The Christian Institute’s Sam Webster made these comments on 27 October 2015, at the funeral of Christian registrar Lillian Ladele.
As the In-house Solicitor for The Christian Institute, it is a privilege to be asked to say a few words today about Lillian and her stand.
There really was something quite remarkable about the stand which Lillian took. In Lillian, God truly raised up a servant, placing her where she was at such a time as He did.
As disciples of Jesus Christ we are called to count the cost, but few are called to do so in such a public way as Lillian Ladele, taking her case all the way from the town hall to the European Court of Human Rights in Strasbourg.
In this, Lillian exemplified some very special qualities – principle, courage, grace and selflessness.
Across the country there were a number of other registrars in similar situations to Lillian, but it was Lillian who pioneered a case in which she effectively defended the rights of all. Not just registrars, but all workers who find themselves in situations where their consciences won’t allow them to do what is being pressed upon them.
And what Lillian defended was – and is – very precious. She sought the right for Christians and others not to be forced to act against their core religious beliefs. Two of the European judges who heard Lillian’s case saw that her stand was one of freedom of conscience and cited that particular freedom to be foundational to other human rights.
Lillian was already on her case before The Christian Institute got involved, with help from Mark Jones. But the involvement of the Institute, through its Legal Defence Fund, meant that Lillian was able fully to pursue her case, as she wished. And we were able to give the necessary media and prayer support as well as friendship.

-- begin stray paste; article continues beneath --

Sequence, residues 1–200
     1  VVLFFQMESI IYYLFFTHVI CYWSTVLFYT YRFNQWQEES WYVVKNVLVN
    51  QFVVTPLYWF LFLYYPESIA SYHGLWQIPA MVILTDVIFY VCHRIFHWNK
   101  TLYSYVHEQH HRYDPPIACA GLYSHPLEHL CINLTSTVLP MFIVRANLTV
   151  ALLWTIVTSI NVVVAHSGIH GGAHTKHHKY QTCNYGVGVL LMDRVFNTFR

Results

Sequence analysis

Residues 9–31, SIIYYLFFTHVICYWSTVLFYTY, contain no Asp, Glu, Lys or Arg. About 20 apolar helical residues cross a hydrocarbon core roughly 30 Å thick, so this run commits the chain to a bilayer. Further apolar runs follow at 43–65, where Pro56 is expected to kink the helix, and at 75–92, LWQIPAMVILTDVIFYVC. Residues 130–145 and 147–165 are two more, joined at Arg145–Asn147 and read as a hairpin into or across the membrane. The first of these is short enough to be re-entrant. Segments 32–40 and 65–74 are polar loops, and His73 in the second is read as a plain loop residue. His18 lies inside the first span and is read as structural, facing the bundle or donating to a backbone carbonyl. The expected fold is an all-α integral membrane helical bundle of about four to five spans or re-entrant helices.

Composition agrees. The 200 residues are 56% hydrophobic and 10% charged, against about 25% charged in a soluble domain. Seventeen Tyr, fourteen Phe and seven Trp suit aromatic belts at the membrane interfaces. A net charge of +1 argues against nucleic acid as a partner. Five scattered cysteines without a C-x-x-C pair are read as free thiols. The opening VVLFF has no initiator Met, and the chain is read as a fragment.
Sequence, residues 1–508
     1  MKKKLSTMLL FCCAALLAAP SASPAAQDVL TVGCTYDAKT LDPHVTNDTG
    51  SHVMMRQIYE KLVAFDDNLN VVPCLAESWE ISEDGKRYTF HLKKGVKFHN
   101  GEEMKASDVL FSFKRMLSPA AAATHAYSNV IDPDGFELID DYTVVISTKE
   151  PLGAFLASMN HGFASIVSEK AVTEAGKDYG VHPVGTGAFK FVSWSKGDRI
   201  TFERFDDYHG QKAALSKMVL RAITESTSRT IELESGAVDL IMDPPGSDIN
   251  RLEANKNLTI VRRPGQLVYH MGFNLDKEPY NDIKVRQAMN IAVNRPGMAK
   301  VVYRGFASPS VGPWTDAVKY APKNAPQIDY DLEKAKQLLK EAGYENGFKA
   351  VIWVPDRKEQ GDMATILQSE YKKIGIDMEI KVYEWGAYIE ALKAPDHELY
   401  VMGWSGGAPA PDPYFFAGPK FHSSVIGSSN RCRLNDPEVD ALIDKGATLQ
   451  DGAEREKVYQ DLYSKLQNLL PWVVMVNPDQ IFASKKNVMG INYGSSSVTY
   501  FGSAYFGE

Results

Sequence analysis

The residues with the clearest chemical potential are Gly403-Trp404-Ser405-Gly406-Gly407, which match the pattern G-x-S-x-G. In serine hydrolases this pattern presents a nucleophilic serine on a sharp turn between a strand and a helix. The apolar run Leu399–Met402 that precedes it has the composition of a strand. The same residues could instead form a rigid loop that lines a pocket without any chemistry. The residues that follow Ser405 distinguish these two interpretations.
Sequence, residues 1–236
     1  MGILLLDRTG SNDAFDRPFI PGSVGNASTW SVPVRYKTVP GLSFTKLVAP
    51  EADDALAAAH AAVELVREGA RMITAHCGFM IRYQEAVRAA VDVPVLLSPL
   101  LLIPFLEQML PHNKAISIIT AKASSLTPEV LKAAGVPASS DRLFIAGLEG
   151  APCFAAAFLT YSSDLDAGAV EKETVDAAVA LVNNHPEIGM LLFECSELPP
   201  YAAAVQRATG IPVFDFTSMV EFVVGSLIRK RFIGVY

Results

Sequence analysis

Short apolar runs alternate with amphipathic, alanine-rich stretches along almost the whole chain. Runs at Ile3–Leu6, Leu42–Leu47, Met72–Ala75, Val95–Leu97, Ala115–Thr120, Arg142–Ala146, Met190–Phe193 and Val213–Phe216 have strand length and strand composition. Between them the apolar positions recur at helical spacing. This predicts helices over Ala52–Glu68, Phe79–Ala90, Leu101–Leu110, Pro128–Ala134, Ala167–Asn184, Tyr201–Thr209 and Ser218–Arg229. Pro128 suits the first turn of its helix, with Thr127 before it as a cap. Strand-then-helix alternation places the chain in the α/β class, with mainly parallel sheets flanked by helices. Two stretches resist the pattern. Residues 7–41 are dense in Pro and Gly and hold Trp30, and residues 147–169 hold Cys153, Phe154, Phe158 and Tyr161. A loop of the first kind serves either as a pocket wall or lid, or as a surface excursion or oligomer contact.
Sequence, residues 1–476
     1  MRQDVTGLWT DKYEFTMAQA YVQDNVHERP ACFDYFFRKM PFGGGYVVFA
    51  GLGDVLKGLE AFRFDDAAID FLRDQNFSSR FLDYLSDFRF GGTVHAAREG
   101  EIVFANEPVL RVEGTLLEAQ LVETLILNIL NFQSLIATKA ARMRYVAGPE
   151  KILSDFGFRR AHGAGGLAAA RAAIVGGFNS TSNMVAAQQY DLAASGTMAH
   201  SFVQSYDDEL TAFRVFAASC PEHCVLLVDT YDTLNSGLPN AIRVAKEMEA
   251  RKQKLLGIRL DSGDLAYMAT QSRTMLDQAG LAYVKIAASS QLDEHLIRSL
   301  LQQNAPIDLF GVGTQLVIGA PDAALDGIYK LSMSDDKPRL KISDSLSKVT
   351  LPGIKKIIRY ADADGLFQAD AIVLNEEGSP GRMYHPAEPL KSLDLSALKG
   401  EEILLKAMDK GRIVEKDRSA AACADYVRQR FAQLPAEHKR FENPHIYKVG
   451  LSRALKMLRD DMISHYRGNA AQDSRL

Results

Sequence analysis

Of course, no one anticipated at the outset that Lillian would take her case all the way to Strasbourg. It is often forgotten that Lillian comprehensively won her claim in the Employment Tribunal. But her case was to take on national significance over the ensuing five years as senior judges and the establishment sought to overturn the judgment. And what Lillian was then defending was the judgment of an Employment Tribunal which had spent days painstakingly assessing the evidence and her dignified testimony on the witness stand.
It was a tough course, as Lillian became synonymous in the minds of the public, courts and commentators with the cause of religious freedom and liberty of conscience. But throughout she conducted herself with grace, dignity and with love for those with whom she profoundly disagreed.
Finally, I wish to say a few words about Lillian’s legacy. Ultimately, Lillian did not succeed on her appeal to Europe, but the truth is that she achieved a great deal through her stand.
Lillian’s case established principles which are now impacting other cases and situations for good. It is a tribute to Lillian that official guidance now prompts public authorities to explore how they might accommodate those with a conscientious objection, including registrars.
Secondly, Lillian’s case got our senior judges discussing how religious freedom could be better accommodated and that debate continues.
Thirdly, Lillian inspired many by her quiet and dignified example. She showed that it is possible to contend for truth, but to do so with great grace.
In the words of the writer to the Hebrews, Lillian obtained a good testimony; she lived by faith; and God is not ashamed to be called her God, for He has prepared a city for her.